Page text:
Early ’70s Power Pop

Power pop is a strange genre of music. It can’t evolve, lest it becomes a strange sub-genre like prog-rock or emo-opioid. Each new generation of power pop uses the exact same ingredients, give or take a keyboard; catchy ditties and equally catchy counter-melodies, complimented by busloads of Beatlesque harmonies. The only difference is the production values of its time. Yet the quest for the most contagious melody remains consistent, as if trying to perfect the formula.


1970: “Love Grows (Where My Rosemary Goes)” by Edison Lighthouse


This was the first number one hit of the ‘70s in the UK. In America, the number one song was “Raindrops Keep Falling On My Head” by B.J. Thomas. There’s a reason why the vocalist of Edison Lighthouse sounds so familiar; it’s Tony Burrows. He was the lead singer for these one-hit wonders, “My Baby Loves Lovin’”, “Gimme Dat Ding”, “Beach Baby”, and “United We Stand”.

1971: “Sweet City Woman” by Stampeders


Back in the day, when 45’s were the mp3’s or video on YouTube™ of today, this buoyant number brightened my outlook like whatever today’s equivalence is to the Quaalude®. It gave me the hope of a better tomorrow, somewhere that wasn’t here. Yet, there I was, sitting in my friend’s bedroom, with a stack of singles to go through, just after rehearing “Sweet City Woman” eight more times. [FACT CHECK: I said the exact same thing for the song “Hitchin’ A Ride” by Vanity Fare.]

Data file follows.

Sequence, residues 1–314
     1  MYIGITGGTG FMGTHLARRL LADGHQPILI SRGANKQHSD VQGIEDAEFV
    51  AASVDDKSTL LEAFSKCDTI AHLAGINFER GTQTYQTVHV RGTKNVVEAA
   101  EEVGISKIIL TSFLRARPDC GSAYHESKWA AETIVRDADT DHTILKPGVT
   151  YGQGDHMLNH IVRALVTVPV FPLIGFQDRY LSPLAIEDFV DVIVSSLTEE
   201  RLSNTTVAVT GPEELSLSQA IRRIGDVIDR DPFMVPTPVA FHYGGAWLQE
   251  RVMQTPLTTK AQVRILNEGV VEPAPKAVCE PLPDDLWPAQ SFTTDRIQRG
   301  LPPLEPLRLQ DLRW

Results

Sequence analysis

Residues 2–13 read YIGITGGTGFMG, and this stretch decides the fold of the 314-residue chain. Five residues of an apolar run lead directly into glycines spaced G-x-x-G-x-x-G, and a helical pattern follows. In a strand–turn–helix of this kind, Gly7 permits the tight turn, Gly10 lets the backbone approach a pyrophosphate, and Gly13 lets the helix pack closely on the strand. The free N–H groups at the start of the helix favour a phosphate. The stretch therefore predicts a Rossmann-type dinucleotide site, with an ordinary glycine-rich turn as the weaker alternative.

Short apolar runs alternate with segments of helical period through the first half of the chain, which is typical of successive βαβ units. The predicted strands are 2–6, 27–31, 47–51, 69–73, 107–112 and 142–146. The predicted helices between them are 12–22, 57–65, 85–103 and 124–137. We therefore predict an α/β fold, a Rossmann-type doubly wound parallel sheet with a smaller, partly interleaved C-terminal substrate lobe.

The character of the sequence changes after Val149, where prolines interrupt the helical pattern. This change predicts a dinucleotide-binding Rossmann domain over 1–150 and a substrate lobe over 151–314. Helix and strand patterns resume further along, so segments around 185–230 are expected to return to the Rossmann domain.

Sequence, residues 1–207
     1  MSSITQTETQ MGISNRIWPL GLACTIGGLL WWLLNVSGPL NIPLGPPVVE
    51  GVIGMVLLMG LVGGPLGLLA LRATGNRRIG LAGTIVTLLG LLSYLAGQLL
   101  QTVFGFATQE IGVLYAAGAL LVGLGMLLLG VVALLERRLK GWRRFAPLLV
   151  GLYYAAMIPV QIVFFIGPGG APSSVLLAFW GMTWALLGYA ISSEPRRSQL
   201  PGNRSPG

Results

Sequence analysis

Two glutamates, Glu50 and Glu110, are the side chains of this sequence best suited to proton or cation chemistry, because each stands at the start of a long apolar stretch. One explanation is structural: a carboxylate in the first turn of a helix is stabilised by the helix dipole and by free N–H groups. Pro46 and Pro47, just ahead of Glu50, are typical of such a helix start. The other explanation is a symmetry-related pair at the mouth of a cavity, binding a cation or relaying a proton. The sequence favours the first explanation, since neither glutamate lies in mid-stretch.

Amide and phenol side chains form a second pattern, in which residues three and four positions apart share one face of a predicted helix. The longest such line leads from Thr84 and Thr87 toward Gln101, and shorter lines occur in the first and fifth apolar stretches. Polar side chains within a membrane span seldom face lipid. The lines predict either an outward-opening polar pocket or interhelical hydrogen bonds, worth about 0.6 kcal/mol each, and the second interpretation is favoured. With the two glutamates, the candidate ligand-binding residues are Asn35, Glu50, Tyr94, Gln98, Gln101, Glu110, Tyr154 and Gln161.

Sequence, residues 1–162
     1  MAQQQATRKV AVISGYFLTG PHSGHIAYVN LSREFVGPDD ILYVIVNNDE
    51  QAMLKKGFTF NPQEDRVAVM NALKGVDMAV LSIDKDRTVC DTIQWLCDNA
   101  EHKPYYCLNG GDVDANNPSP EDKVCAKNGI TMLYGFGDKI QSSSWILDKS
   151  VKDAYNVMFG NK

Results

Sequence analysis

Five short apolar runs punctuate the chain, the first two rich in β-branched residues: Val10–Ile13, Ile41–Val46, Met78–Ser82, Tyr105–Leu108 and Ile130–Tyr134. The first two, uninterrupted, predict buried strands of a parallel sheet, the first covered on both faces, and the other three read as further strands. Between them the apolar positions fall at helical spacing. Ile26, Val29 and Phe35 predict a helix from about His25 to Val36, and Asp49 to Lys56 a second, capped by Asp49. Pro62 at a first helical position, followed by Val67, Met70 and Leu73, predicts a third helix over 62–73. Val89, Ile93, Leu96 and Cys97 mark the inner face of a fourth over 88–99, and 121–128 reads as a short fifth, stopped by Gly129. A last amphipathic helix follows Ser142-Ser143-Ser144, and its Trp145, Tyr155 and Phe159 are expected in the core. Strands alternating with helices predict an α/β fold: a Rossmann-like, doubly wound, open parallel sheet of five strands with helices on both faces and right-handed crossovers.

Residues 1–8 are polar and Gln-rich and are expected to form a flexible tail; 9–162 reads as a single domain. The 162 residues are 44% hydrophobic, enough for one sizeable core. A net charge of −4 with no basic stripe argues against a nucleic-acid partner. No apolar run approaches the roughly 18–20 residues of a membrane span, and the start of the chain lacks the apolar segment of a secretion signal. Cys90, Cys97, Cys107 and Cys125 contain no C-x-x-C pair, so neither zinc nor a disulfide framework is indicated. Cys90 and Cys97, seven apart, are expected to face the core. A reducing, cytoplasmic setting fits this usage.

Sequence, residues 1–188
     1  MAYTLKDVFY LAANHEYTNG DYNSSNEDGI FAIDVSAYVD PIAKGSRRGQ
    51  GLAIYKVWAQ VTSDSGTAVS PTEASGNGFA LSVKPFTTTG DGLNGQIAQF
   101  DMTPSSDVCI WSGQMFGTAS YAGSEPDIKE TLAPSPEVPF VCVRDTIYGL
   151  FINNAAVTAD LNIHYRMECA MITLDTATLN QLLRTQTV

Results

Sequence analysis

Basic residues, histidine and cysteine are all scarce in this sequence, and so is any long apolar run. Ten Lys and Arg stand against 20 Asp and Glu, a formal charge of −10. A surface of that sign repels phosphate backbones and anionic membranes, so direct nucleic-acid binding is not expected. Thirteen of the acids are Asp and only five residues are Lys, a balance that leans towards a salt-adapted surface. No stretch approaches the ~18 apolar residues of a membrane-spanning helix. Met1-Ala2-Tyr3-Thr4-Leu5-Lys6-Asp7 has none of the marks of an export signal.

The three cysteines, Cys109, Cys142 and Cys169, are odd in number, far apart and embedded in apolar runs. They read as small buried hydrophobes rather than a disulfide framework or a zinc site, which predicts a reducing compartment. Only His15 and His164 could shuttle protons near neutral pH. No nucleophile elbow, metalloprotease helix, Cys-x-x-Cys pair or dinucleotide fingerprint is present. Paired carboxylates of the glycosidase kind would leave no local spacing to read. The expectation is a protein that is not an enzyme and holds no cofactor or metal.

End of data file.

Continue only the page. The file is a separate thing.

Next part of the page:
1972: “Baby Blue” by Badfinger


1972 was a very good year for power pop. March brought “Baby Blue”, produced by Todd Rundgren before he imposed too much Todd Rundgren on bands, where they sound like Son of Todd Rundgren. Transcendent harmonies framed by a chromatic guitar/bass run. Perhaps the best McCartney song he never wrote.

1972: “Little Willy” by Sweet


Yes. You are very funny, forgive me if I don’t laugh. That’s right, this song is about my penis. In a nutshell, released in May, inane lyrics, infectious riffs, and a key change at two minutes and thirty seconds point. The only thing that could make this song more joyous would be another key change right before the fade out.

1972: “Go All The Way” by Raspberries


In July, this song was my first encounter of the power popera. A collection of three or more melodic motifs mashed into three-minute glory, i.e. “Band On The Run” by Paul McCartney And Wings. [1973] [FACT CHECK: It is five minutes and thirteen seconds long.] This song forgives Eric Carmen’s later power sap hits, “Hungry Eyes” and “Make Me Lose Control”.

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